Zaman, Today's Zaman and Bugun have vocally criticized the government over the corruption scandal, warning authorities to avoid interference in the legal process.

    [14] Commentaries on the anti-graft probe in Turkey

    Commentaries in Turkish dailies report that the anti-graft operation may be a power struggle between Erdogan and Fethullan Gulen, or a crisis of a majoritarian democracy. This scandal will definitely influence the upcoming local elections in Turkey.

    Columnist Fehmi Koru, in Turkish daily Star (21.12.13), wrote that the victory of Erdogan in the local elections of 1994 was due to a scandal in the municipality of Istanbul controlled then by the SHP (Social Democratic Populist Party). Since then, Erdogan and AKP has sought transparency and accountability and which has paid attention to honesty to gain "moral superiority" from the moment it started its political life, Koru wrote. Because of this scandal, AKP has to face difficulties, because opposition is preparing to use this new opportunity to the full extent for advantage in the upcoming local elections.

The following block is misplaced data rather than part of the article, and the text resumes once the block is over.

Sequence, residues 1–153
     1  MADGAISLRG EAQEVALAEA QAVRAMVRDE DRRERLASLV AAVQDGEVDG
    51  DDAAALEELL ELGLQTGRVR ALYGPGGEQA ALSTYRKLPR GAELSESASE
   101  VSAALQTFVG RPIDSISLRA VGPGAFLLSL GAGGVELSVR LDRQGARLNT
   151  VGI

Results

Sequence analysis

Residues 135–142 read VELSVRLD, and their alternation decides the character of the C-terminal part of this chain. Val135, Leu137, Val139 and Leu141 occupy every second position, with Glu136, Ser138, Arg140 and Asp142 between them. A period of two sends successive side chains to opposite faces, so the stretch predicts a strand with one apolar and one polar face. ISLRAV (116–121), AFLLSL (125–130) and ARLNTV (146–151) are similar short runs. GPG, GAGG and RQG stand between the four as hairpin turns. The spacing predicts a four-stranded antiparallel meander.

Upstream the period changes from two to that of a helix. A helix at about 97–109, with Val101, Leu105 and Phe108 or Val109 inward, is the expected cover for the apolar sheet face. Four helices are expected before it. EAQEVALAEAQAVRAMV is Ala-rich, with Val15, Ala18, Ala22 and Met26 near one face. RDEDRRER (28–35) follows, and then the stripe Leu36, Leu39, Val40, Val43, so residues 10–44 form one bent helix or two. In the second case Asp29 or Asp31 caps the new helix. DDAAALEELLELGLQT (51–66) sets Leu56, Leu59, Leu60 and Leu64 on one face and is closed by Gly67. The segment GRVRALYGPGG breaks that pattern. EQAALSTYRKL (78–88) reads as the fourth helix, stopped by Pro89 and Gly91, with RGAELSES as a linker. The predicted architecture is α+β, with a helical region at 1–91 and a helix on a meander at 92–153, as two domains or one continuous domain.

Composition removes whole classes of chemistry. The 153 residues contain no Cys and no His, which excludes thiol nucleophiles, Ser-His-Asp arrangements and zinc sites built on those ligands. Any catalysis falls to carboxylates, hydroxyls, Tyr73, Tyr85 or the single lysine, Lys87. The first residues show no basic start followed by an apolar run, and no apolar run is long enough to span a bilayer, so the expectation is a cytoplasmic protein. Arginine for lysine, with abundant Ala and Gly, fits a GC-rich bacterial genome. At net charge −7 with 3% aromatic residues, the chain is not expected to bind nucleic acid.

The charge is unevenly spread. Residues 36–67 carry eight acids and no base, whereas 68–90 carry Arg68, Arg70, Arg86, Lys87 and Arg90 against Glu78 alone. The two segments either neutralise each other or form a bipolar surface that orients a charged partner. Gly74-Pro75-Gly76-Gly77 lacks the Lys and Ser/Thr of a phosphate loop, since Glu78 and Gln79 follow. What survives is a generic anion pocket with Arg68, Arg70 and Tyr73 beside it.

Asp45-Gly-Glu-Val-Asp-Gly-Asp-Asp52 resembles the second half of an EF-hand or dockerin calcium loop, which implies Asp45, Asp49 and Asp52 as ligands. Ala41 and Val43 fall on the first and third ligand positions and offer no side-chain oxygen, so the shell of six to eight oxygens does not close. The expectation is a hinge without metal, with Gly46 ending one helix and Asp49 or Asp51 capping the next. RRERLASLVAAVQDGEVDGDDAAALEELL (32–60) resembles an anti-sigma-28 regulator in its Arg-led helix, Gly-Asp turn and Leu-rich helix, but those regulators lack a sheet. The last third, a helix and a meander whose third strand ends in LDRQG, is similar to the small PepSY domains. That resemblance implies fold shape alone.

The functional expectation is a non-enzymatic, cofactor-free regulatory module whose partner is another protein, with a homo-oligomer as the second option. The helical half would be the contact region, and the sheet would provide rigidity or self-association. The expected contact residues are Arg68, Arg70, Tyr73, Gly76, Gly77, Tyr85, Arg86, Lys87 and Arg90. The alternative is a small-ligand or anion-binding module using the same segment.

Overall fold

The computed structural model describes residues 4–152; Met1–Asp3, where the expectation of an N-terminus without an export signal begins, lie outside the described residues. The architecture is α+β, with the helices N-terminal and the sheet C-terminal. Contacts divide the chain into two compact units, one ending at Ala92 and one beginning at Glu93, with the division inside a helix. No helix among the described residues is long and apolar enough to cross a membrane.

Cuneyt Ozdemir, writing in Turkish daily Radikal (22.12.13), under the title "Might the US Ambassador also be a Gulenist?" wondered the following: "Did a young businessman really give bribes to three ministers?

    Did the police act contemptuously? Did they order out [while conducting house searches]? Did the US Ambassador threaten the prime minister? Was Zaman correct in printing that headline? Are the Gezi protestors working shoulder to shoulder with the Gulen Community? Unfortunately, none of this answers the first, simple question we asked!"